The Power of Story

The Power of Story

Deb Griest

“Story telling moves us into the place where we trust what we know, even if it can’t be measured, packaged, or validated empirically

Annette Simmons
The Story Factor

 The theme of the Fall Seeking Stillness retreat was “Light in the Midst of Darkness.”  Throughout the weekend participants were encouraged to reflect on and talk with God about times in their lives when God had broken into darkness and brought them hope.  It wasn’t an easy weekend, because we were called to remember times in our lives that were painful, disappointing, and very difficult.  However, as we looked back, many of us could see how God was present in these times and how He also used these dark experiences for good, in the long run.

In the last activity of the weekend, we reflected on these questions:

  • Think about how you talk with others about darkness you have or are experiencing.
  • How might the way you tell this story impact the way you experience transformation from it?
  • How might God have used or be using your darkness story (or stories) for his glory?
  • With whom might God be calling you to share your story?

I think it’s fair to say that all of us were amazed at how powerful the process of remembering and telling our stories was as the retreat drew to a close.  We sensed God’s powerful movement in our hearts and in our midst.

What is it about telling our story that makes it so impactful?  William Barry writes, in a book entitled Letting God Come Close, “sometimes we need to be asked about experiences before we can recognize how important they are to us.”  He considers times in our lives when we sense God’s presence with us as touchstones – experiences we can revisit in our minds at times when our sense of God is not so strong and our hope might be waning.  He goes on to say that “remembering and telling someone about our profound experiences of closeness to the Lord can be a royal road to ever-deepening intimacy (both with God and with the other person).”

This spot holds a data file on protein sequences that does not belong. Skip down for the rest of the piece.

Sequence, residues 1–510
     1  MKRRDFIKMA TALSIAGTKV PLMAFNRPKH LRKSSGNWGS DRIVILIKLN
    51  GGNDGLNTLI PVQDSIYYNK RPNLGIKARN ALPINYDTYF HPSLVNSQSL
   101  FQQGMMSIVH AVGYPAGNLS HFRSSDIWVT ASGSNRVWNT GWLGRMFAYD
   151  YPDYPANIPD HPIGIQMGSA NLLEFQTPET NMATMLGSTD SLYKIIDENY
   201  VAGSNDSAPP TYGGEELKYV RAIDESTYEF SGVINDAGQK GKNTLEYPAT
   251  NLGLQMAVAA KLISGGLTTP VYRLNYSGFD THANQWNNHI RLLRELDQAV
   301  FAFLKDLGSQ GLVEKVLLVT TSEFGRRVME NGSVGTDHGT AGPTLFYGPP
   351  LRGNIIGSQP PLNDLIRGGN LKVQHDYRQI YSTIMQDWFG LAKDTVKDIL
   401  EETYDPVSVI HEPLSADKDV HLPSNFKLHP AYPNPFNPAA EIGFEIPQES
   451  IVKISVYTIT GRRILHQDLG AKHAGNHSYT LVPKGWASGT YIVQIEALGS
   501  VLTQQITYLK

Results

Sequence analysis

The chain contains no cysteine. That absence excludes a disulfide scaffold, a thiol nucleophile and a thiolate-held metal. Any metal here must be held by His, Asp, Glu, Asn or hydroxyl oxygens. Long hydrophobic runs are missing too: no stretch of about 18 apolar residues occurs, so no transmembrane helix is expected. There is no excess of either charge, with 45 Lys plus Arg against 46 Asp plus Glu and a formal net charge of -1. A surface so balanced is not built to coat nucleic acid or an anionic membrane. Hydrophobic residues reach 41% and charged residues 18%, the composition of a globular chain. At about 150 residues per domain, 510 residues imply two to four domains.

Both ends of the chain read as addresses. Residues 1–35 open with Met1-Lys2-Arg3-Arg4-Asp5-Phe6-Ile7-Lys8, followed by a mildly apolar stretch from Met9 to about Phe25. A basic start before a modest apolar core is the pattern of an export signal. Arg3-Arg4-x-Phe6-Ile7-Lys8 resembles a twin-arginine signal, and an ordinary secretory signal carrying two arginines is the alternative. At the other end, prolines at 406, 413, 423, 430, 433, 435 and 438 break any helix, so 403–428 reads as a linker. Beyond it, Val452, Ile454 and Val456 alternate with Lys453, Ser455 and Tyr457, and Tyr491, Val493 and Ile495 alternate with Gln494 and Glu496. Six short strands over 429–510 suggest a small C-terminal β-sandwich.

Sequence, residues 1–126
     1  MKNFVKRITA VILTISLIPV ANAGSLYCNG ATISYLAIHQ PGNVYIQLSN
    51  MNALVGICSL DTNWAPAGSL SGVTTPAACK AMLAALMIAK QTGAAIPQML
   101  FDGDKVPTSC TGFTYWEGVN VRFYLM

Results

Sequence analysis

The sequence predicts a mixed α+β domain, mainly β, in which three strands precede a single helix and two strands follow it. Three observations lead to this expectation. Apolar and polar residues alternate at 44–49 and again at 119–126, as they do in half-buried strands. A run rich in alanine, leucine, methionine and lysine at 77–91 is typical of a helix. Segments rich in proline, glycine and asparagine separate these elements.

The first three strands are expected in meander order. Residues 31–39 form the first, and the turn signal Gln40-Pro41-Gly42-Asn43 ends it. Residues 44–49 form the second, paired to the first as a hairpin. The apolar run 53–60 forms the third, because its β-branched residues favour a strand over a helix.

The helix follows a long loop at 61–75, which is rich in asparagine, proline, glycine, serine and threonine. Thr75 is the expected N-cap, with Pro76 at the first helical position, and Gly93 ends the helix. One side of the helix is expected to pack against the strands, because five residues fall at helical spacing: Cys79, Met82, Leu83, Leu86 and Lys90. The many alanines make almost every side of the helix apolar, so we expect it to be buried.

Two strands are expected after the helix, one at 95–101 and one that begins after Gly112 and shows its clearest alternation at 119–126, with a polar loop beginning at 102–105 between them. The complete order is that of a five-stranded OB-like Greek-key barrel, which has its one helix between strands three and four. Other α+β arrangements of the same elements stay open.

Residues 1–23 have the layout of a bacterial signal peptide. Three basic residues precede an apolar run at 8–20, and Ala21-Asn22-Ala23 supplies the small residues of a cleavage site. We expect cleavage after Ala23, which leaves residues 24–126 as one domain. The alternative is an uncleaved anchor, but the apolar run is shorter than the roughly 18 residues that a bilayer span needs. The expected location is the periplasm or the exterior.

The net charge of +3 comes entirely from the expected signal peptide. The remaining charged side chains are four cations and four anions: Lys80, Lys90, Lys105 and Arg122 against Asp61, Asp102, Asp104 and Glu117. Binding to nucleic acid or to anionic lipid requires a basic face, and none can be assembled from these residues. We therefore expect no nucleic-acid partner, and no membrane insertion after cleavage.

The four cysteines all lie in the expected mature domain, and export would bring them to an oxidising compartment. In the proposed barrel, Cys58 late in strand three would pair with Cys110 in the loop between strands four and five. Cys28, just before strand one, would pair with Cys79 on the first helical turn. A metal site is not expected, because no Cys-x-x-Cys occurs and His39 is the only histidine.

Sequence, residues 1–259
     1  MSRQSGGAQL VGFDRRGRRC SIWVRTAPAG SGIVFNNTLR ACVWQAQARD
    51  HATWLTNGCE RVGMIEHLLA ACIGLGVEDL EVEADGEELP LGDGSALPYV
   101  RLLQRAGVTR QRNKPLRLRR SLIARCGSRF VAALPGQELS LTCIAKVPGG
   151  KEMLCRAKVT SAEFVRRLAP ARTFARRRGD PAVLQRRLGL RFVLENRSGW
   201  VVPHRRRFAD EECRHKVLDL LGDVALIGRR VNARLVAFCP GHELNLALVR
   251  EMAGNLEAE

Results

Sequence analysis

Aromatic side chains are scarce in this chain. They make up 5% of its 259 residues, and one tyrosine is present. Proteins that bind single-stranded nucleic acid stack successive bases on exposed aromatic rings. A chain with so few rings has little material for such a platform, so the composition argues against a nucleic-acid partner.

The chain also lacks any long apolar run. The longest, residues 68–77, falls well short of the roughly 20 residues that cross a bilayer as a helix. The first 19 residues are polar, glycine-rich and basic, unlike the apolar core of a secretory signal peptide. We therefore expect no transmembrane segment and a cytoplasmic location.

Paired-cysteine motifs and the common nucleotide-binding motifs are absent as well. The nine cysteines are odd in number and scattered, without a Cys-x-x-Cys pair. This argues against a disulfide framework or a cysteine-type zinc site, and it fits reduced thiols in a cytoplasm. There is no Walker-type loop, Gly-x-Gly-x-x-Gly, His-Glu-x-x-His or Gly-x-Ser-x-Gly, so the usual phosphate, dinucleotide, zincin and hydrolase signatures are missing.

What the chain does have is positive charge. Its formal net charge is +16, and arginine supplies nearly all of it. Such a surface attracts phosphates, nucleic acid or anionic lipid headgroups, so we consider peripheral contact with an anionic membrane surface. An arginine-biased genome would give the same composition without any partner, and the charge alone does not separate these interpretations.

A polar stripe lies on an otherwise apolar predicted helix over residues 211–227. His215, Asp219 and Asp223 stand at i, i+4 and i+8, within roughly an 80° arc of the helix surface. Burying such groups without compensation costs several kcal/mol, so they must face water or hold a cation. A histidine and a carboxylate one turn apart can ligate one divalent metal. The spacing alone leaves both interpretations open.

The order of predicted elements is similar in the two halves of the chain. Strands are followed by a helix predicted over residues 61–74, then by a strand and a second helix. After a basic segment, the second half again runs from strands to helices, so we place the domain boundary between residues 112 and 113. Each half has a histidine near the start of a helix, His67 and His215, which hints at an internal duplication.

I had a clear example of what Barry is talking about this past weekend.  I was driving with a women I’ve known for several years.  We consider each other friends, but haven’t really shared our lives at a deep level.  In the course of our journey, she began to tell me about a VERY difficult time in her life as an African refugee.  We’re talking life and death situations over multiple years.  Throughout the story, however, she often stopped to tell me how God had provided for her.  She said she tells the story to remind herself that He is always with her, even when she doesn’t see Him.  She said it’s only in retelling the story that she has come to appreciate how He was protecting her life.  At the end of the story, we gave glory to God together, feeling both closer to Him, and closer to each other.

I’m convinced that God uses not only our stories, but the way we tell our stories to impact us deeply.  He especially uses our stories of how we’ve experience Him in darkness when we tell them to ourselves and others.  Not only do these stories give those who hear them a sense of God’s power and a degree of hope in their own circumstances, but they create in us a deep sense of God’s love and provision.  The more we tell our stories in a way that gives God the glory, the more our hearts are strengthened in trust and reliance on Him.

Sometimes we don’t want to remember the difficult times in our lives.  Often, we’re embarrassed to talk about them with others.  When we plow through life as if everything is fine or when we lock our memories away, never to be revisited, we miss gifts God wants to give us and to the world.

I encourage you to think about the reflection questions listed above and to take time to share the results of the reflections with at least one other person.  I would love to hear how God impacts you through this process.   Write to me ( or send me a blog that we can post so others are encouraged.

Blessings on your Christmas Season;

Deb Griest

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